*Here’s the link to reserve a ticket for Crane Estate Soirée/Preview on Friday 3 November: http://bit.ly/2xlbiZl
Carved from limewood. Look at the range in surfaces!
Dir Rev Karin E Wade developed a very special service today at St. Mary’s Episcopal Church, 24 Broadway, Rockport, MA. The visitation of Bishop Alan M. Gates and Deacon Bruce Nickerson for the dedication of the graceful and evocative Reredos by sculptor Morgan Faulds Pike was a resounding (and glorious sounding) success. There are wonderful acoustics in this little church.
Bishop Gates related that he was a Russian scholar, and acknowledged the exquisite music and choir immediately. I believe he mentioned the Lvovsky Hospodi Pomiloi specifically (see program notes below). The Offertory Anthem, Each Road, with words by Jeannette M. Lindholm and music by David C. Pike, inspired by Morgan’s work and created for the dedication of the new reredos, was still to come! All of it was so very moving. If you were unable to join today’s dedication,
gorgeous Stanley Spencer, panel from Titanic, and so much more!
CLOSES OCT 9. There’s still time to catch one of the best shows of the year before it sails to London! Forget the theme and be ready to be continually swept off your feet by a who’s who of 20th century art and design, history, and one of a kind surprises (spoiler alert photographs of the installation below). This exhibition is high art with loans from important collections worldwide, well curated, and supremely installed. Its genesis stems from collector Stephen Lash and curators from the Peabody Essex Museum and London’s Victoria and Albert. I was reminded of great design shows at MoMa and influential Modernism fairs during the 1980s at the Armory. NEWS FLASH – More than 1000 works of art from the collection of Stephen Lash, Peabody Essex Museum overseer, were gifted to the museum and announced this week through this exhibition.
If you only have time for one work…
Riveters from the epic cycle Shipbuilding on the Clyde, 1941, in the collection of the Imperial War Museums, London. I have never seen one of these Spencers in person–what a surprise to find it here!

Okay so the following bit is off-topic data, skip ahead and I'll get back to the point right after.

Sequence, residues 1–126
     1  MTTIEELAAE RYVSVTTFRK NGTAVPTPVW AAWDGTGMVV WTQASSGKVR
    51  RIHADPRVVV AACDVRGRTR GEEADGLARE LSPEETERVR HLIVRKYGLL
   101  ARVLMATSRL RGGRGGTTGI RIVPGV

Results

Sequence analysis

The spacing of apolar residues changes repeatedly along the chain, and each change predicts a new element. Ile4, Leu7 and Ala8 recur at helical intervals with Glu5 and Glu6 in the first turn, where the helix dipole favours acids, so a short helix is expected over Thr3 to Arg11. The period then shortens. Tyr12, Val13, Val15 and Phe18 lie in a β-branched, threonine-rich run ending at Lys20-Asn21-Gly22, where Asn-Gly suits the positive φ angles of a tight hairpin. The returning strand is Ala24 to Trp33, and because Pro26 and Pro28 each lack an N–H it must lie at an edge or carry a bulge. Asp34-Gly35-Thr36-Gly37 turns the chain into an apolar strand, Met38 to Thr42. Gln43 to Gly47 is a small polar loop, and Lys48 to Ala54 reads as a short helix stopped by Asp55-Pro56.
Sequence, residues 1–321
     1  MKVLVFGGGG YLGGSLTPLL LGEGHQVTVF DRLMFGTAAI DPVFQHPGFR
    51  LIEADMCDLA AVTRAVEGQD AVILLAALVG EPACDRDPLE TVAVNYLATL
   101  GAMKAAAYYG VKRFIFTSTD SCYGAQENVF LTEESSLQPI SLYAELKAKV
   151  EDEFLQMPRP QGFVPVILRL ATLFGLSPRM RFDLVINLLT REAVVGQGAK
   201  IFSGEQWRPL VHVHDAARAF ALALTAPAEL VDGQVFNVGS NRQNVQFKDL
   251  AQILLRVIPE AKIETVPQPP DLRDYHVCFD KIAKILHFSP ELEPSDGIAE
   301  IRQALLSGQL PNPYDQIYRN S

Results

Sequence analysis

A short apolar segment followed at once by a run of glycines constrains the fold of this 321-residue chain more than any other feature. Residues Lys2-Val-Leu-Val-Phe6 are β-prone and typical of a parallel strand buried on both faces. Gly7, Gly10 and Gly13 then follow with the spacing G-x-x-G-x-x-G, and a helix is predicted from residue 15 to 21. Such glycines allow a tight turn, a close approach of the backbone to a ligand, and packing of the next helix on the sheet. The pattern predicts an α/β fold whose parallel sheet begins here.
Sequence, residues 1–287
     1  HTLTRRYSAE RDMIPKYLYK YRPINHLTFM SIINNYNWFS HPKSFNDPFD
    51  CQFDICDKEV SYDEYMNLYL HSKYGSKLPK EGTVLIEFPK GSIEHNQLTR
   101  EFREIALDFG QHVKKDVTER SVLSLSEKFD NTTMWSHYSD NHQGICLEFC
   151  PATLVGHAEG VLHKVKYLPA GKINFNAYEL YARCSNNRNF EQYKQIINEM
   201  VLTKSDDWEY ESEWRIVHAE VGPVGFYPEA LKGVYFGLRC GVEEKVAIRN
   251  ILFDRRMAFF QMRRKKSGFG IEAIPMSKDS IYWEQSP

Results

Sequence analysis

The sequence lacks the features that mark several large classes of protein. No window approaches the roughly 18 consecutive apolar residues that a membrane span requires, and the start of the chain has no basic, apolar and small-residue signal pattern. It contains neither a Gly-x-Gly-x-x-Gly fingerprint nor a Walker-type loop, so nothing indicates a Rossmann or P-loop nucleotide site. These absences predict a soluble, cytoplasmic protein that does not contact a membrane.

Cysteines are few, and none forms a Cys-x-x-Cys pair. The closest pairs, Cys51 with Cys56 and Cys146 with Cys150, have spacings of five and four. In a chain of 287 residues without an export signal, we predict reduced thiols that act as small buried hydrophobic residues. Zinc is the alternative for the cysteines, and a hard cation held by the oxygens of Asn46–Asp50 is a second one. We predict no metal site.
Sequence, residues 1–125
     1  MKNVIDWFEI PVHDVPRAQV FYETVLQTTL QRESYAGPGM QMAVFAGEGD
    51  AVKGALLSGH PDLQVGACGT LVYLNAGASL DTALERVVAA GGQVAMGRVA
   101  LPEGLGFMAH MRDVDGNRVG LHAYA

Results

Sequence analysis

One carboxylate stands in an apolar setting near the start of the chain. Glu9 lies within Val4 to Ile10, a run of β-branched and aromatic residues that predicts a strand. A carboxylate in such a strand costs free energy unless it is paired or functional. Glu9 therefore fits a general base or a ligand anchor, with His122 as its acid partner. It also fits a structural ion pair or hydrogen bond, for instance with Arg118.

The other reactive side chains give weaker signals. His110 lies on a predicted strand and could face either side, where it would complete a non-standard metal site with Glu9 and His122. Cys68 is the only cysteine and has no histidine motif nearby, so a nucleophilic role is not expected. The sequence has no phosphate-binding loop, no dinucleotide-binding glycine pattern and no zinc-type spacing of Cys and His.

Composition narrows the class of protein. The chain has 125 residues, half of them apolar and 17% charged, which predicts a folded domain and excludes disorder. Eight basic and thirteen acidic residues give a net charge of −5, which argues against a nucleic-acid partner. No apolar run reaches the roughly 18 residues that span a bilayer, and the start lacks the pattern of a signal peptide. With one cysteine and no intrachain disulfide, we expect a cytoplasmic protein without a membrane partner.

The photo above illustrates the left corner of the Spencer mural: it’s so vast you need to use a video to capture its mind boggling composition and entirety. (Spencer’s studies included field sketches unfurled on toilet paper–useful, cheap, and lengthy matrix):
FINEST EXTANT TITANIC CARVING FRAGMENT (arch at the threshhold of the recital lounge), ca.1911, from the collection of Maritime Museum of the Atlantic, Halifax Nova Scotia Museum. Spotlighting in this post for artist, Morgan Faulds Pike
Shout out to David and Susan Goode – was thrilled to see the Jan Matulka from Norfolk Southern collection!
OCEAN LINERS exhibition was co-organized by the Peabody Essex Museum and London’s Victoria and Albert Museum and closes October 9, 2017. The exhibition opens at the Victoria & Albert in February and continues through June 10, 2018. There are many standouts in this exhibition, photographs September 2017 (click to enlarge and see descriptions)
Photographs/short video clips from my visit September 2017. Gloucester’s Zach Gorrell is a participating musician for the LIVE pianist performances. Alex Olsen playing when I was there.
Breathtaking corner vignette, exhibition pause, includes *gasp* wow poster and Winsor McCay silent film sinking of Lusitania ” 25,000 drawings had to be made and photographed one at a time…” see film clips below Continue reading “Last call! #OceanLiners stunning art deco and modernism exhibition Peabody Essex Museum”
“Iconic art Morgan Faulds Pike” North Shore Magazine
First Monarch butterfly sighting of the summer, AND SHE IS DEPOSITING EGGS!!!
So many thanks to my friend Morgan Faulds Pike, sculptor of the Fishermen’s Wives Memorial, for sharing her sighting. The female Monarch was spotted near Goose Cove, depositing eggs on Common Milkweed (Asclepias syriaca).
Note how the female is curling her abdomen around to the underside of the milkweed leaf. The Monarchs most often (but definitely not always), choose the most tender newly emerging foliage at the top of the plant on which to oviposit eggs.
Today’s grand open house for two new C. B. Fisk pipe organs was a joyful event, crowded with well-wishers, fans, friends, and musicians. Opus 148 will be installed at Christ Church, Cincinnati, and Opus 150 at Benjamin Franklin’s Christ Church in Philadelphia.
Listen to the music!
What a treat to hear Opus 148 played by Nami and violinist Harold Byers.
Scale model of Opus 148. Morgan Faulds Pike, sculptress of the Gloucester Fishermen’s Wives Memorial, carved the oak angels and panels for Opus 148. See more here.